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11 Aug 2009

Kite Runner + Daniel Deronda

I read these quite a while ago. I ought to have written up the reviews when the books were fresh in my mind, but, as some of you know, things around here have been.... unstable.

The Kite Runner



I really enjoyed The Kite Runner. It had the potential to be something quite special, 5 star even, if it weren't for the second half. Yet I forgave any shortcomings on the strength of the first half.

The first is touching, poignant, subtle, heart-wrenching, gently fascinating. One of the characters stole my heart.

And the second half? It's like a different book! Suddenly there's crazy action, unlikely situations, more coincidences than you can shake a karmic stick at, obvious cliches, and all round predictability.

So why did I enjoy it anyway. Like I said, the first half won me over. When I realised the obviousness of the rest, I didn't cringe. Instead, I saw it all as a high drama. Something akin to a (better) Bollywood film or soap opera. Sure, it was over the top stuff, but it was so thrilling. Well, in a harrowing sort of way. It's a terribly sad story.

I also enjoyed reading into a different culture.

It's a short book. If you can accept the drama, it's worth it. If Hosseini had maintained the story's integrity and subtlety, it could have been a real gem.

Daniel Deronda


Another Eliot for me this year. Enjoyed it many times more than Mill on the Floss.

I was even more impressed with Eliot. She really is wonderously observant. Such a keen eye and ear. But more significantly, a keen inner ear. Reading the motives behind what charcaters do is simply delicious. I wish I had read her more back in my university days as a psych major.

However, she is also very heavy going. As sarah mentioned on the last Eliot review, it feels like you're reading a classic. And that holds true for even if, like me, you read plenty of them. There were paragraphs in this one that were monstrously cumbersome. I mean, I was reading them twice over and still thinking, wth!?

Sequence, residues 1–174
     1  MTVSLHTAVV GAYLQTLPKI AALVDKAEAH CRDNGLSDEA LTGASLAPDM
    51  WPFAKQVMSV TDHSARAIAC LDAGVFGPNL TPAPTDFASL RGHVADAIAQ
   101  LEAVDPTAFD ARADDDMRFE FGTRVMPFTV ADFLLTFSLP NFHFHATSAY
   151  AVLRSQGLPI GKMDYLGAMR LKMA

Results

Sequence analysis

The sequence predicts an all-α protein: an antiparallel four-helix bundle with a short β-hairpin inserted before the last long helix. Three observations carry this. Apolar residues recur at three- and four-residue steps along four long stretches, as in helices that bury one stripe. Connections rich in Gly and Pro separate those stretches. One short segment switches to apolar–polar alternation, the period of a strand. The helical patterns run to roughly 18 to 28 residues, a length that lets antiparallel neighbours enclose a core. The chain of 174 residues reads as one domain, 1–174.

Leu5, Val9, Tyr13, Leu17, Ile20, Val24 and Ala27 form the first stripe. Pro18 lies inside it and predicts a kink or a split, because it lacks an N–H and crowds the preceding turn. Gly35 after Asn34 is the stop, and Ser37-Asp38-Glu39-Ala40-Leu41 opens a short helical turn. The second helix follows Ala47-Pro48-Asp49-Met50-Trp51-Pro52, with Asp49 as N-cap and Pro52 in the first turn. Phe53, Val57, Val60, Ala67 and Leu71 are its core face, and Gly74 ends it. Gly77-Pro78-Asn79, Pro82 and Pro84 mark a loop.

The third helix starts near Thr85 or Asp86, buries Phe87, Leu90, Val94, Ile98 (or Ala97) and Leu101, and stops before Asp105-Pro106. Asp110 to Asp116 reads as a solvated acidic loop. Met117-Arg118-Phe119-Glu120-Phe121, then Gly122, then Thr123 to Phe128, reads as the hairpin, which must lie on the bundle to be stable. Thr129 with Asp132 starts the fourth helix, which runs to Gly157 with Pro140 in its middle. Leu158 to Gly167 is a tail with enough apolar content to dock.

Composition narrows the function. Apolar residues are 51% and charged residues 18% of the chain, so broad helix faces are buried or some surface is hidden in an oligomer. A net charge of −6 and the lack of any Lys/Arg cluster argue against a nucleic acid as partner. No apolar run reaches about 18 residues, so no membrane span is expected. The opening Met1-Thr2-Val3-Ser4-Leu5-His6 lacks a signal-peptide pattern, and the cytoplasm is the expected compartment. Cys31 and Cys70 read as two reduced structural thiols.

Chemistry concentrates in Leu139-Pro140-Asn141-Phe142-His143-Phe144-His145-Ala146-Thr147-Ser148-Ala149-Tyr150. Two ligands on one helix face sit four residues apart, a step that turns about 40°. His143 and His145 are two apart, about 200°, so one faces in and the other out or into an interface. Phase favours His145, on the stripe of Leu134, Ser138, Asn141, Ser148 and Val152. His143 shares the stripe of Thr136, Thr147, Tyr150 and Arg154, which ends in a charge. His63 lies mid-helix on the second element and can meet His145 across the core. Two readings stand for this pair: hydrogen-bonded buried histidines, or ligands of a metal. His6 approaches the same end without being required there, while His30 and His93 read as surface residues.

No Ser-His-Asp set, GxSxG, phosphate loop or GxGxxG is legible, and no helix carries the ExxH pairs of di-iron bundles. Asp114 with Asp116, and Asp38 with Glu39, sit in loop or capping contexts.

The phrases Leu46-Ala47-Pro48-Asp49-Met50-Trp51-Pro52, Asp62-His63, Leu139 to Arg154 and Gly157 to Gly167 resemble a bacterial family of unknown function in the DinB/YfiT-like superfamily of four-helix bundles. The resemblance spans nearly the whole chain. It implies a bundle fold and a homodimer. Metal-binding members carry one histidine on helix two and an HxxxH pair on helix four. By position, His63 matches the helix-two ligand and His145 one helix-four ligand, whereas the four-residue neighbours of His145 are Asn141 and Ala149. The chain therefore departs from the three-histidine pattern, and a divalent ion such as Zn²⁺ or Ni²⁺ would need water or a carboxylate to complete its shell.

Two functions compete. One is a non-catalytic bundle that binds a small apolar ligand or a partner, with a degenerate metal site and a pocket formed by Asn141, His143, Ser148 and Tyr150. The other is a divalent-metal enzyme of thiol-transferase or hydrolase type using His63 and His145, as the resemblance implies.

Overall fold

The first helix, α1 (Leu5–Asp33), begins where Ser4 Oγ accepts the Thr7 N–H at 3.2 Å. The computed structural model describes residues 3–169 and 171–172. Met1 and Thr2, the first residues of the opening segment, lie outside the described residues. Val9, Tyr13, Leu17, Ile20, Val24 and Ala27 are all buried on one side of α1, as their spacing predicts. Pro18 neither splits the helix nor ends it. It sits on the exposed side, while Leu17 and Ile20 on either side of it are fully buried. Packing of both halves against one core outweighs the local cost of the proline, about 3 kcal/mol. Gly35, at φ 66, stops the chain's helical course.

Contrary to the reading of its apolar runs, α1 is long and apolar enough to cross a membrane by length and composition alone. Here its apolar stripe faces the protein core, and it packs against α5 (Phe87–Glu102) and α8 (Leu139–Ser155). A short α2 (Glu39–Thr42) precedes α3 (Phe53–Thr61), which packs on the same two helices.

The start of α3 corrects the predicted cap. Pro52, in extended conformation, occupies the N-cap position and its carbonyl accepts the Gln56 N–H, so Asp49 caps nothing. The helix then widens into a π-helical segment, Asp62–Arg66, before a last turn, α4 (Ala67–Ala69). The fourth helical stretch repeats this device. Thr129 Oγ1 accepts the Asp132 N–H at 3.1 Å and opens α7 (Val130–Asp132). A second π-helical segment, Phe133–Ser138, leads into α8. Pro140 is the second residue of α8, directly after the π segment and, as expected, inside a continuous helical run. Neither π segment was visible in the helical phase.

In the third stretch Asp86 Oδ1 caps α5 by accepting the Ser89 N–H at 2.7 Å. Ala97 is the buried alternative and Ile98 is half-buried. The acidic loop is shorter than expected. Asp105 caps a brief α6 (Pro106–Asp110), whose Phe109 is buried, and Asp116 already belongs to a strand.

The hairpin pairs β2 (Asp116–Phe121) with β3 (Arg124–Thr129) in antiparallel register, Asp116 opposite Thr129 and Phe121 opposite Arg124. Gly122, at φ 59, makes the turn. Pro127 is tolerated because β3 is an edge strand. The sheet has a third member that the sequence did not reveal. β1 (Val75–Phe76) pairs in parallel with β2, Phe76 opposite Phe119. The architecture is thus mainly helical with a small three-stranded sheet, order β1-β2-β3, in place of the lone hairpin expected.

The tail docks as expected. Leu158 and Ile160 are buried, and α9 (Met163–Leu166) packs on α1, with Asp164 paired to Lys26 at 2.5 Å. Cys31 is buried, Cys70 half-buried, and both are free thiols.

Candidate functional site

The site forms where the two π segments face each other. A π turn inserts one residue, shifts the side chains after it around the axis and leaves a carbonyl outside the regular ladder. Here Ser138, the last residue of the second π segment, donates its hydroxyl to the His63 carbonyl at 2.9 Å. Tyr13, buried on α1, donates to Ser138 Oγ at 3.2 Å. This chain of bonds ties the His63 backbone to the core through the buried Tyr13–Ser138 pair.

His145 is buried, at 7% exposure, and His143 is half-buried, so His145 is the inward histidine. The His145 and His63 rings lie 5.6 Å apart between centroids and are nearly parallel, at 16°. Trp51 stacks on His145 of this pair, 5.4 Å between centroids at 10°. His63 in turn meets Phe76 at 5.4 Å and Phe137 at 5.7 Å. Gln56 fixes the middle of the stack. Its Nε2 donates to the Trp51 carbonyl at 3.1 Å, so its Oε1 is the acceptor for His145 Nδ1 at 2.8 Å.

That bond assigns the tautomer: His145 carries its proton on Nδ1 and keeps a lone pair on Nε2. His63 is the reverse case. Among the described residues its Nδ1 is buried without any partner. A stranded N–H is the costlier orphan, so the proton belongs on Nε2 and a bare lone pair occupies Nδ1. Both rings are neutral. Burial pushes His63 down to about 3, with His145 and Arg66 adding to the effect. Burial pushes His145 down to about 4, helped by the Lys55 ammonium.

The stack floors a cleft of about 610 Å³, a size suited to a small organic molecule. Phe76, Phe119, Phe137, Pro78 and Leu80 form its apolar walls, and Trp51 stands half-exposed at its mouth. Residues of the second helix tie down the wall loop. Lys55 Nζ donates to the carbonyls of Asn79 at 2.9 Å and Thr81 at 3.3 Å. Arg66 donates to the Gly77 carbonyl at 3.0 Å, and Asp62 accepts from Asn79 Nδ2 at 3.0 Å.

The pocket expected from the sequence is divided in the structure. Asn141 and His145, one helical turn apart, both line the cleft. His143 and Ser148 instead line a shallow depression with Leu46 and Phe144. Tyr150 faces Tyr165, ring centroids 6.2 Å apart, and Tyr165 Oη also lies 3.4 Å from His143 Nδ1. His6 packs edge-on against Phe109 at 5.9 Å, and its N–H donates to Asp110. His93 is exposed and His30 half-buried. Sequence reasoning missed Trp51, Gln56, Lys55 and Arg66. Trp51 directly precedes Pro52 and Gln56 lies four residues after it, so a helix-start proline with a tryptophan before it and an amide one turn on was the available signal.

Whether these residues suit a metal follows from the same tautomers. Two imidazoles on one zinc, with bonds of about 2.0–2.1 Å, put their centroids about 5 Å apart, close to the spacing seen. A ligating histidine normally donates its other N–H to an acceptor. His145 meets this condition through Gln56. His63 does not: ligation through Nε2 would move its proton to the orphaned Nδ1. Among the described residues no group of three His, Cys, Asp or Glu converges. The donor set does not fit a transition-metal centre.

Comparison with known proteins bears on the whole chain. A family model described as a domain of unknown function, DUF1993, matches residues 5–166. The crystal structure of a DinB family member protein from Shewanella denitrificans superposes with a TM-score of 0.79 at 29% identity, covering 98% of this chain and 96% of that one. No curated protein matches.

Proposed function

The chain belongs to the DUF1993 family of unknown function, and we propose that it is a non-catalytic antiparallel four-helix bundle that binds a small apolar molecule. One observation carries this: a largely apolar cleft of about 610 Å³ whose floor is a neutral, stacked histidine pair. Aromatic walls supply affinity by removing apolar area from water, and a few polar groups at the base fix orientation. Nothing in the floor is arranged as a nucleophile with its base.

And if she were writing today, an editor would cut out her lengthy ponderings. They are much too self-indulgent. Yet, they are goooood. They are lengthy, but they're not rambles. They are monologues of high intellectual order. She's just so spot on. But it makes for a classic that is 500+ pages of regular head-spining linguistic complexity.

Okay, so what of the story? This heroine, Gwendolen, is more real for me, compared to Maggie in MotF. Maggie is good and sweet and how could we dislike her? But for me, I can't relate to the piously sweet. We may not necessarily like Gwendolen, but she sure keeps our interest. I was a little frustrated with how Eliot evolved her, but won't say more at risk of spoiling anything.

The second story, about Daniel Deronda, that weaves in, out, and through the first, was not so interesting to me. Again, characters being oh so very, very good. Too good. Yawn. But don't think I'm dismissing it entirely. There is much in the way of fascinating ideas, exchanges between characters, and historical interest, to make it worth the read.

Recommended to readers of the classics, or anyone wishing to enrich their souls.

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